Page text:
WEST PALM BEACH, Fla. (AP) -- President Donald Trump offered support Monday for an effort to strengthen the federal gun background check system as he hunkered down at his private Florida golf course just 40 miles from last week's deadly school shooting.
Press Secretary Sarah Huckabee Sanders said the president spoke on Friday to Sen. John Cornyn, a Texas Republican, about a bipartisan bill designed to strengthen the FBI database of prohibited gun buyers.
"While discussions are ongoing and revisions are being considered, the President is supportive of efforts to improve the Federal background check system," Sanders said in a statement.
Trump, who is spending the weekend at his private Palm Beach estate, started President's Day at his nearby golf club. The White House did not immediately answer questions about whether he was playing golf. The president spent most of the weekend at Mar-a-Lago, as White House aides advised against golfing too soon after the shooting at a Parkland high school that left 17 dead.
Trump spent much of the holiday weekend watching cable television news and grousing to club members and advisers about the investigation of Russian election meddling.
In a marathon series of furious weekend tweets from Mar-a-Lago, Trump vented about Russia, raging at the FBI for what he perceived to be a fixation on the Russia investigation at the cost of failing to deter the attack on a Florida high school. He made little mention of the nearby school shooting victims and the escalating gun control debate.
Students across the country have called for tougher gun control and are planning a march in Washington next month. On Monday, dozens of teenage students spread their bodies on the pavement in front of the White House to symbolize the dead and demand presidential action on gun control.
"Every day when I say 'bye' to my parents, I do acknowledge the fact that I could never see my parents again," said Ella Fesler, a 16-year-old high school student in Alexandria, Virginia. "It's really important to express our anger and the importance of finally trying to make a change and having gun control in America."
Trump has focused his comments on mental health, rather than guns.
The White House said Sunday the president will host a "listening session" with students and teachers this week, but offered no details on who would attend or what would be discussed.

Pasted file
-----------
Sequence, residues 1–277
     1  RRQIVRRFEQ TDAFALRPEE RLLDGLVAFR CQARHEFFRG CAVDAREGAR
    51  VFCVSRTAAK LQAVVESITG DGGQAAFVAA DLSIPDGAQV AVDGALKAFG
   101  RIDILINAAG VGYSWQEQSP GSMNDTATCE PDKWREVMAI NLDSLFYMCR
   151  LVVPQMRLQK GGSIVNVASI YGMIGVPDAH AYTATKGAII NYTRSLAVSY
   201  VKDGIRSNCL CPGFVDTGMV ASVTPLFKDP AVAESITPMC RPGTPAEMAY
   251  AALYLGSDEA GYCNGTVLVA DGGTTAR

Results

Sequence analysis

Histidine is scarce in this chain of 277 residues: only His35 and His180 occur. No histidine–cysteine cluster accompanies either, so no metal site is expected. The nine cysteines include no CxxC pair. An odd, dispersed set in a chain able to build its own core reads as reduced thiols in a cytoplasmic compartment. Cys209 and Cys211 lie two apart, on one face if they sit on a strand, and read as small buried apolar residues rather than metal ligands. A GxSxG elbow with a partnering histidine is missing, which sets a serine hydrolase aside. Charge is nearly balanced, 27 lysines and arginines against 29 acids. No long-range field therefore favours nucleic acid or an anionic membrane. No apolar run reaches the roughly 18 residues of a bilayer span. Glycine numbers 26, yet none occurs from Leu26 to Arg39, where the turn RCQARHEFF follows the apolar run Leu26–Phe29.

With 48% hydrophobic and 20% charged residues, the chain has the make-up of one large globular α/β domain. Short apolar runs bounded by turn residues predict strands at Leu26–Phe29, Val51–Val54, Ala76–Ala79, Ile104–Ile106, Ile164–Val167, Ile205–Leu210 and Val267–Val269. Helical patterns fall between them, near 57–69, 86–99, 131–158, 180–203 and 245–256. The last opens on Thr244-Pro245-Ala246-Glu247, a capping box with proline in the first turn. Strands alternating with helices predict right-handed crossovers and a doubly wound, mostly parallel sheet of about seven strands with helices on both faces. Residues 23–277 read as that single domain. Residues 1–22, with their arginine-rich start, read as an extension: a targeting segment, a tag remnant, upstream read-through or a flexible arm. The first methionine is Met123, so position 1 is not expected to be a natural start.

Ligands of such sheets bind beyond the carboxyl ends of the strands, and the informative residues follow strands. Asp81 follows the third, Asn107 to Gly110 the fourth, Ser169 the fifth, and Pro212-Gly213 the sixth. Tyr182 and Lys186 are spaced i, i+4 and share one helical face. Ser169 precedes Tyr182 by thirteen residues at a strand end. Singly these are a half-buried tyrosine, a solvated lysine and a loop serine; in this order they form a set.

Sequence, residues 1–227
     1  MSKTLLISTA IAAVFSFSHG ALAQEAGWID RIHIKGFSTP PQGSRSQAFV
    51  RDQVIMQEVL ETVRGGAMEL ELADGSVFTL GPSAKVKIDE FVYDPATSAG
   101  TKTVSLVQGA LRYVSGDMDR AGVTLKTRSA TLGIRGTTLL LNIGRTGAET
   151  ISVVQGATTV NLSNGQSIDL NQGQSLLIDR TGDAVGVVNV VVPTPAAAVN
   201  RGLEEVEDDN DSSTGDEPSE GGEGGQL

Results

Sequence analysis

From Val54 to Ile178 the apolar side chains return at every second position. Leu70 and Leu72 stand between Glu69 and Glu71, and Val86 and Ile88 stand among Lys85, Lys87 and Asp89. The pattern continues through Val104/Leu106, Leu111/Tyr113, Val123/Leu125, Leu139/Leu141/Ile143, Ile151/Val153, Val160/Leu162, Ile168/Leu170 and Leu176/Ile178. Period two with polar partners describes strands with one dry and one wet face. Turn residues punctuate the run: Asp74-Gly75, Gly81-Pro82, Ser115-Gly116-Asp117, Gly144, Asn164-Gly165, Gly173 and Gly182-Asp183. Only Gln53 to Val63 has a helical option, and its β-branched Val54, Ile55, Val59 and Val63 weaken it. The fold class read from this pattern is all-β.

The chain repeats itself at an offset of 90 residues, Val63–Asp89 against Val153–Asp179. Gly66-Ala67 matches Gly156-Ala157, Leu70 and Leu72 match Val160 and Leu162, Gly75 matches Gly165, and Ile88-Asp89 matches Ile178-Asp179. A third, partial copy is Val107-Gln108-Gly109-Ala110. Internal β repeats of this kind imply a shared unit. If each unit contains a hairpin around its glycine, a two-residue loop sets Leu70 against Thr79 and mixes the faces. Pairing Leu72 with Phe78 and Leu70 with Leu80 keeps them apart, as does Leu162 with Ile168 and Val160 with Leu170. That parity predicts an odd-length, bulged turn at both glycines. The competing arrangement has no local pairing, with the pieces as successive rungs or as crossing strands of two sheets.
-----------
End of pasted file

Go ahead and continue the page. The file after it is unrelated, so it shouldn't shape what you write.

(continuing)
The bipartisan background check legislation would be aimed at ensuring that federal agencies and states accurately report relevant criminal information to the FBI. It was introduced after the Air Force failed to report the criminal history of the gunman who slaughtered more than two dozen people at a Texas church.
Trump has been a strong supporter of gun rights and the National Rifle Association. Last year, he signed a resolution blocking an Obama-era rule designed to keep guns out of the hands of certain mentally disabled people.
Kristin Brown, co-president of the Brady Campaign to Prevent Gun Violence, said the measure Trump discussed with Cornyn would help to enforce existing rules but would not close loopholes permitting private sales on the internet and at gun shows. She's pressing for a ban on assault-type weapons and for laws enabling family members, guardians or police to ask judges to strip gun rights temporarily from people who show warning signs of violence.
"We need a comprehensive system," Brown said. "One of these isn't enough."
Trump was last seen publicly Friday night when he visited Parkland. He fired off tweets Saturday and Sunday and met House Speaker Paul Ryan Sunday afternoon. He also visited the golf club Sunday night.
President Barack Obama took heavy criticism in 2014 when he went golfing during a vacation just minutes after denouncing the militants who had beheaded an American journalist. He later regretted playing golf so soon after the killing.
Trump has grown increasingly frustrated since the indictment from special counsel Robert Mueller on Friday charged 13 Russians with a plot to interfere in the U.S. presidential election.
On Twitter, Trump stressed that the Russian effort began before he declared his candidacy and asserted that the Obama administration bears some blame for it. He also insisted he never denied that the Kremlin interfered in the 2016 U.S. campaign, although in fact he has frequently challenged the veracity of the evidence.
Trump tweeted about the nation's "heavy heart" after the shooting in Parkland. But he also sought to use the shooting to criticize the nation's leading law enforcement agency.
Trump said late Saturday that the FBI "missed all of the many signals" sent by the suspect and argued that agents are "spending too much time trying to prove Russian collusion with the Trump campaign."
The FBI received a tip last month that the man now charged in the school shooting had a "desire to kill" and access to guns and could be plotting an attack. But the agency said Friday that agents failed to investigate.
Danilova reported from Washington. Associated Press writer Jonathan Lemire contributed from Paradise Island, Bahamas.